By Tom Quiner

CQZj3NoWgAA79ua.png-largeThe worst mass killing in American history has to be Newtown.

A mentally ill young man walked into a grade school and began to mow down kids.

This happened nearly three years ago. Since then, we’ve witnessed a shift in public sentiments regarding gun rights vs. gun control. At the time of the shooting, more people favored gun control than gun rights 51% to 45%. The numbers have flip-flopped since with gun rights winning 52% to 46%.

Democratic candidates for president sparred over the issue Monday night. Hillary Clinton and Martin O’Malley beat up on Bernie Sander’s more conservative view of the issue:

“All the shouting in the world is not going to do what all of us want and that is keep guns out of the hands of people who should not have those guns. We can raise our voices, but I come from a rural state, and the views on gun control in rural states are different than in urban states, whether we like it or not. Our job is to bring people together around strong, commonsense gun legislation. I think there is a vast majority in this country who want to do the right thing, and I intend to lead the country in bringing our people together.”

Public sentiments have shifted against gun control for several reasons. In most of the recent mass shootings, there is an understanding that nothing would have changed even if the laws proposed by the Left had been in effect.

There is also the awareness that lives could have been saved had someone on the scene had a weapon to disable the attacker.

Even more, empirical evidence doesn’t support the contention that gun control laws reduce violent crime.

Bernie Sanders’ suggestion that we need to keep weapons out of the hands of unstable people is a good one. But how do you do it?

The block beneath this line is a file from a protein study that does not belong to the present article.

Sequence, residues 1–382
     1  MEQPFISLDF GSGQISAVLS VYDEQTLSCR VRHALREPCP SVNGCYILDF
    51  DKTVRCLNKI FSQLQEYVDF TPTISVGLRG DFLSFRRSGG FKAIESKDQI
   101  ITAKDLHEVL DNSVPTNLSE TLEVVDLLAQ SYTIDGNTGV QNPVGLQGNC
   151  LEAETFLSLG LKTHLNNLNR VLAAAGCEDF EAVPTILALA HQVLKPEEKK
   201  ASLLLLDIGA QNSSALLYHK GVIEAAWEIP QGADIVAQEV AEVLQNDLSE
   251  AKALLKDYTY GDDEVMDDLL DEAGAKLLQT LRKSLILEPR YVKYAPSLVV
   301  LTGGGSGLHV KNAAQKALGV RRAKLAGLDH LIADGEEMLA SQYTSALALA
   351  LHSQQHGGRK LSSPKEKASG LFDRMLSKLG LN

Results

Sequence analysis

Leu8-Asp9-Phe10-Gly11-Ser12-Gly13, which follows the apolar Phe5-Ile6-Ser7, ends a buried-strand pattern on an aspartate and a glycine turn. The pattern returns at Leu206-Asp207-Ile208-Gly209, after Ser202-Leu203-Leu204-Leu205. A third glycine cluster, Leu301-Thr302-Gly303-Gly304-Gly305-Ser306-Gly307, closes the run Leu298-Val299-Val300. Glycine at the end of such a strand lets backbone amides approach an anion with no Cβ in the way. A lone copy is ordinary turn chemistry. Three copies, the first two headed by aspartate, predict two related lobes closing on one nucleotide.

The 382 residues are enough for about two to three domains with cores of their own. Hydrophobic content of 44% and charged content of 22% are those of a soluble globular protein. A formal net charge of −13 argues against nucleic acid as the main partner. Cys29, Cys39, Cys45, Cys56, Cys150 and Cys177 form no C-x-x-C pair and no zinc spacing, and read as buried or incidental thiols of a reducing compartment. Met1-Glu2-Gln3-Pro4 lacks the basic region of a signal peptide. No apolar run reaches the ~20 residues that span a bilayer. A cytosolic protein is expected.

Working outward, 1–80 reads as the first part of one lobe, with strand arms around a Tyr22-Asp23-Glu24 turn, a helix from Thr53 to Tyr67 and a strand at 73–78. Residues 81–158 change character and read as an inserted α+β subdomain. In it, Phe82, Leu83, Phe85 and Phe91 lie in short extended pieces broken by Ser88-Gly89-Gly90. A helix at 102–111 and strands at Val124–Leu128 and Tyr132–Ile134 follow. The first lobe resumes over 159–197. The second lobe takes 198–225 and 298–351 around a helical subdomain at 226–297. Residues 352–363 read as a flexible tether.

Privacy laws regarding medical records make it difficult to identify the mentally ill who wish to purchase guns.

Back in the 70s, liberal groups like the ACLU worked hard to make it difficult to commit the mentally ill to facilities where they could receive treatment. As a result, our homeless population swelled as the mentally ill were expelled from mental health facilities. Thousands of the mentally ill ended up on the streets.

This is not an indictment of the ACLU, but rather an acknowledgement of the challenge we face keeping weapons out of the hands of people who may hurt themselves or others.

Here is our gun reality: more people prefer the right to defend themselves than anytime in recent history.

5 Comments

  1. Shawn Pavlik on October 15, 2015 at 10:17 pm

    It SHOULD be an indictment of the ACLU. Very little that organization has done has been a positive for America.

  2. Lori on October 16, 2015 at 9:06 pm

    Do you think there could ever be a time when citizens in this country who own guns could be called to help defend our nation?

    I have thought it about it enough to know that I wouldn’t feel safe in a country where law abiding citizens couldn’t own guns, and the world knew this to be the case.

    • quinersdiner on October 16, 2015 at 10:07 pm

      Good point, Lori. Could there be such a time? I hope not, but best to be prepared.

  3. Laurie Works on October 17, 2015 at 3:42 pm

    Curious as to what you mean by “empirical evidence” and where such evidence was gained.

    • quinersdiner on October 17, 2015 at 6:36 pm

      “Guns and Violence” by Professor Joyce Lee Malcolm of George Mason University.

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